Dec. 11, 2012
Tiobe Barron, OVN corrrespondent
Much may have changed in the world since Gordon Byrne played football for Nordhoff High School in the mid 1950s, but one thing that has not changed is his affection for the sport. Byrne, who now lives in Thousand Oaks, has been watching Nordhoff football games since his time as a student and a player from 1953 to 1955.
So when he learned that his alma mater had finally won the CIF-SS Northwest Division championship Dec. 1, he decided he wanted to do something for the players.
“I have been to a lot of games! To see them win CIF is absolutely amazing,” says Byrne. “I have been waiting for this since 1955. It is very emotional for me.”
When Byrne went to Nordhoff, it was a much smaller school, he remembers, with little support for its football team. “There were maybe 50 to 60 kids in the senior class, he remembers. “The athletics were behind the times. (The principal) hated football players.”
Byrne wore a hand-me-down Notre Dame helmet the first year he played football, because it was the only only one the school had that fit him properly. He also remembered the uniforms were uncomfortable and “yucky.”
Byrne, who describes himself as being a “pretty good player” during his time in school, would attend football practice after school each day until about 5 p.m., then headed over to a market across from Carrow’s where he would work until 9 p.m. When Byrne was offered a scholarship to the University of Southern California because his football skills, his father offered to double his salary to $1.25 per hour if Byrne would not go. The new wage allowed Byrne to purchase a car with a radio and a heater, luxuries his friends — and perhaps the ladies — thought were the toast of the town as they hung out in what is now the Fitzgerald Plaza.
Many seasons have passed between then and now, and all the while Byrne was following his alma mater.
The values learned through football, Byrne asserts, “are something that stays with you the rest of your life, though you don’t necessarily know it when you’re 16. Football is all in the coaching, and the Nordhoff staff has done an awesome, awesome job. And it’s going to be even better next year.”
In the process of looking for something to do to help the Ranger players, Byrne was inspired to start raising funds to purchase championship rings for the 2012 players who might not be able to afford to pay the $175 for their piece of history. Though unsure of the cost and footwork that would be required initially, Byrne is now armed with a list of 1,300 alumni, and will meet with members of the Ranger Gridiron Club this week to discuss possibilities. Though the plan is still in its earliest stage, Byrne is both determined and hopeful, as is the Gridiron Club.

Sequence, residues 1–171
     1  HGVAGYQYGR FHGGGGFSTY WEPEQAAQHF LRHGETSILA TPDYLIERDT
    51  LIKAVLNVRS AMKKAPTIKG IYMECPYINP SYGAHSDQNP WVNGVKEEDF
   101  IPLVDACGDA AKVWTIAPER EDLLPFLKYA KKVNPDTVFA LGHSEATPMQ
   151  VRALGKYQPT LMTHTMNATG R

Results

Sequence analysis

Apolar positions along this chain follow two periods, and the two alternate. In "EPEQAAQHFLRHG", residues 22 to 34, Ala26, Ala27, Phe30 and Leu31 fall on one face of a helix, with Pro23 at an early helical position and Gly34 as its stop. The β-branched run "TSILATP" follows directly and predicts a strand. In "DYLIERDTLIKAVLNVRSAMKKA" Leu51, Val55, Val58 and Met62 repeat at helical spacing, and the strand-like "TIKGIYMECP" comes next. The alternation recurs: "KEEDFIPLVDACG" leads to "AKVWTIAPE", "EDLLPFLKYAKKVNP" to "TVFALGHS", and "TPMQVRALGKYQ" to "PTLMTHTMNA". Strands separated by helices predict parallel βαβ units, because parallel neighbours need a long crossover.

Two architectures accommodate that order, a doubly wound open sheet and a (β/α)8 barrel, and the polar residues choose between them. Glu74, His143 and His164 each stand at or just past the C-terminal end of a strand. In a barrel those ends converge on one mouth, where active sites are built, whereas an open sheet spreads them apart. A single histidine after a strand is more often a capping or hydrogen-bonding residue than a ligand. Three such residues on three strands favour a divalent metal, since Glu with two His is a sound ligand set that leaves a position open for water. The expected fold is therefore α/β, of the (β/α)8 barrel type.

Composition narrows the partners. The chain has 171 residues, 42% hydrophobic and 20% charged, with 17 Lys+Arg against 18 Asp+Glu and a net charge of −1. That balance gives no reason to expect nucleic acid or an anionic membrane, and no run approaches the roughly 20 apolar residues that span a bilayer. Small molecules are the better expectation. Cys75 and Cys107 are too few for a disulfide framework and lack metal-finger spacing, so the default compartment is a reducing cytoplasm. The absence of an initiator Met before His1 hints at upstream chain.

“I would like to find out what it takes, to figure out a way to raise money for this … I’ll even donate some money to start, if others are interested (in helping purchase the rings),” says Byrne.
“We are here to make sure the football program stays strong financially, so the kids and the coaching staff have the best chance to succeed,” explains Gridiron vice president Mike Dawkins, whose son, Chad, was on the team this year. “Mr. Byrne contacted us and left a message that he wanted to make sure no player goes without a ring … it’s such a great thing to have an alumni that has come forward to make sure that kids he doesn’t even know will all get a ring. Our hope is that others will be inspired to make a donation, too.”
A parade will be held Dec. 16 at 2 p.m. to celebrate Nordhoff’s first-ever CIF win. It will travel on Ojai Avenue from Ventura Street to Montgomery Street.
To help with the fundraising effort, The Ojai Valley News will donate several hundred of its Ranger Football commemorative editions that the Gridiron Club will sell along the parade route. The money they raise will go the championship ring fund.
“I think one of the reasons winning the CIF Northwest Conference Championship is so important to the community is the fact that it has never been done in the school’s 103-year history,” Dawkins points out. “But it goes further than that. It shows the community that with hard work, dedication and a lot of heart, that anything can be accomplished. The NHS football team is undersized, and the school only has about 900 total enrollment, but that did not stop these kids from going out there and defeating a 2,100-person school from the L.A. area. Anything is possible when you believe in yourself and have people behind you pulling for you!”
Send an email to firstname.lastname@example.org or call Dawkins at 340-1057 to donate or for more information.